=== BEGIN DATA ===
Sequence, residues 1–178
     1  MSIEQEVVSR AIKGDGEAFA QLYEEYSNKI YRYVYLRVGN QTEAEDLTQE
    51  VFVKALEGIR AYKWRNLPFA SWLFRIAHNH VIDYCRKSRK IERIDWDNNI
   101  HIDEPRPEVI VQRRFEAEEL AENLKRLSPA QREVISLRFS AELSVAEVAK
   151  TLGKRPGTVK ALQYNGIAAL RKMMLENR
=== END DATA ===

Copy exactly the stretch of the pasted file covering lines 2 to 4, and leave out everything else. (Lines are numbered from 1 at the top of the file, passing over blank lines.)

     1  MSIEQEVVSR AIKGDGEAFA QLYEEYSNKI YRYVYLRVGN QTEAEDLTQE
    51  VFVKALEGIR AYKWRNLPFA SWLFRIAHNH VIDYCRKSRK IERIDWDNNI
   101  HIDEPRPEVI VQRRFEAEEL AENLKRLSPA QREVISLRFS AELSVAEVAK